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LOVE OF LIFE.

BY JACK LONDON.

"This out of all will remain,

They have lived and have tossed,
So much of the game will be gain,

Though the gold of the dice has been lost."

They limped painfully down The man who followed slipped the bank, and once the fore on a smooth boulder, nearly most of the two inen staggered fell, but recovered himself with among the rough-strewn rocks. a violent effort, at the same They were tired and weak, and time uttering a sharp exclamatheir faces had the drawn ex- tion of pain. He seemed faint pression of patience which and dizzy, and put out his free comes of hardship long en- hand, while he reeled as though dured. They were heavily seeking support against the air. burdened with blanket packs When he had steadied himself which were strapped to their he stepped forward, but reeled shoulders. Head-straps pass- again and nearly fell. Then ing across the forehead helped he stood still and looked at to support these packs. Each

Each the other man, who had never man carried

a rifle.

They turned his head. walked in a stooping posture, The man stood still for fully the shoulders well forward, the a minute, as though debating head still farther forward, the with himself. Then he called eyes bent upon the ground. out

“I wish we had just about “I say, Bill, I've sprained two of them cartridges that's my ankle.” layin' in that cache of ourn, Bill staggered on through said the second man.

the milky water. He did not His voice was utterly and look round. The man watched drearily expressionless. He him go, and though his face spoke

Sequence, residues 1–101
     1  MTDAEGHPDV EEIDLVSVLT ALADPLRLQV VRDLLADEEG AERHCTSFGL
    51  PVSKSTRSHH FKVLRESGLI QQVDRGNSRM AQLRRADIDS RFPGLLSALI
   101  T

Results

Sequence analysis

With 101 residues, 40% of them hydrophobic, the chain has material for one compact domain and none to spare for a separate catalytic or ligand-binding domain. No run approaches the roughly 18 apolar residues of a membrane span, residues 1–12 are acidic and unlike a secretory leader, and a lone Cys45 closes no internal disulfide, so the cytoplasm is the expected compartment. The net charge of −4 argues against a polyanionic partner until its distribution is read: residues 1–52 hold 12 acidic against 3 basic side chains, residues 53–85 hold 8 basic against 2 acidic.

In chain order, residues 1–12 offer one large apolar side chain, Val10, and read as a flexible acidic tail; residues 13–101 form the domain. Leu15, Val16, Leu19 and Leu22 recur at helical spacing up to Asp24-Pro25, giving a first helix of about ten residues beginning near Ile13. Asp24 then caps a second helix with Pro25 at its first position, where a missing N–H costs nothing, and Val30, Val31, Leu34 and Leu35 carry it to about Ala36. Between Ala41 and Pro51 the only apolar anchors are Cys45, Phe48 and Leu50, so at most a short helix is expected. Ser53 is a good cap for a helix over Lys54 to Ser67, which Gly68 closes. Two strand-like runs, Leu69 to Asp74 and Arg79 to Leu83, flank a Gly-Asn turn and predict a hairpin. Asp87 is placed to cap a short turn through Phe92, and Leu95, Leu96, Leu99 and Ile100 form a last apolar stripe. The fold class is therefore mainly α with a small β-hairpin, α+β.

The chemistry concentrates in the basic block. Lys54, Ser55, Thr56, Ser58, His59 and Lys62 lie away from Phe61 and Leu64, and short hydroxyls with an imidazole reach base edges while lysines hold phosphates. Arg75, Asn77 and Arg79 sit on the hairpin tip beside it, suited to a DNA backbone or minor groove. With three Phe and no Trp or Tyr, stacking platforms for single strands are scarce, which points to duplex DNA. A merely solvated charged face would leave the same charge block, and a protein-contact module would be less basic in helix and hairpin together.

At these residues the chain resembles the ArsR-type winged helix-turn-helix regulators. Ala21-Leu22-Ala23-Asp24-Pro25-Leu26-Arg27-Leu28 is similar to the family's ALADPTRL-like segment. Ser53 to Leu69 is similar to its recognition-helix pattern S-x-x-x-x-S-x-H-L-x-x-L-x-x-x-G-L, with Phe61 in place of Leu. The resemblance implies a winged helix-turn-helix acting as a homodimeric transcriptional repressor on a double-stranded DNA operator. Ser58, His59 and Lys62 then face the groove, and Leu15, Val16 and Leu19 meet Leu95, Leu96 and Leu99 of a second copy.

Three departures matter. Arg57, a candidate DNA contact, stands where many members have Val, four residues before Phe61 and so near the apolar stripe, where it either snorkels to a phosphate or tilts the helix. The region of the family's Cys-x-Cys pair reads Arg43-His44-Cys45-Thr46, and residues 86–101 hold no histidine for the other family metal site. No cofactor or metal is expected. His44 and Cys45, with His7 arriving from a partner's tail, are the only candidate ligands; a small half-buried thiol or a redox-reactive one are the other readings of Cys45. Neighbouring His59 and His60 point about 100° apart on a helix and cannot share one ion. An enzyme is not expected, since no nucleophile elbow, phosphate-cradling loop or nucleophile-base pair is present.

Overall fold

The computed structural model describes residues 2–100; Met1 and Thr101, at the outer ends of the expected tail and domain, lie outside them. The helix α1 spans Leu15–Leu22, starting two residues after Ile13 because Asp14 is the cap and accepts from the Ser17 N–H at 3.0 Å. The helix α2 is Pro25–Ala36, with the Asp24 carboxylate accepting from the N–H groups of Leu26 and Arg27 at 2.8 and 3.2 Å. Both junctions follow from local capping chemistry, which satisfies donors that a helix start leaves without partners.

without enthusiasm. was expressionless as ever, his But the first man, limping eyes were like the eyes of a into the milky stream that wounded deer waiting the final foamed over the rocks, vouch- slaughter. safed no reply.

The other man limped up the The other man followed at farther bank and continued his heels. They did not re- straight on without looking move their footgear though the back. The man in the stream water was icy cold,-so cold watched him. His lips trembled that their ankles ached and a little, so that the rough thatch their feet went numb. In of brown hair which covered places the water dashed against them was visibly agitated. their knees, and both men stag- His tongue even strayed out gered for footing.

to moisten them.

was

rouse

“Bill !” he cried out.

him. It was not a heartening It was the pleading cry of spectacle. Everywhere a strong man in distress, but soft sky-line. The hills were Bill's head did not turn. The all low-lying. There were no man watched him go, limping trees, no shrubs, no grasses, grotesquely and lurching for- naught but a tremendous and ward with stammering gait terrible desolation that sent up the slope toward the soft fear swiftly dawning into his sky-line of the low-lying hill. eyes. He watched him go till he “Bill!” he whispered, once, passed over the crest and dis- and twice—“Bill!" appeared. Then he turned his He cowered in the midst of gaze and slowly took in the the milky water as though circle of the world that re the vastness were pressing in mained to him, now that Bill upon him with overwhelming was gone.

force, brutally crushing him Near the horizon the sun was with its complacent awfulness. smouldering dimly, almost ob- He began to shake, as with an scured by formless mists and ague-fit, till the gun fell from vapours which gave an im- his hand with a splash. This pression of mass and density served to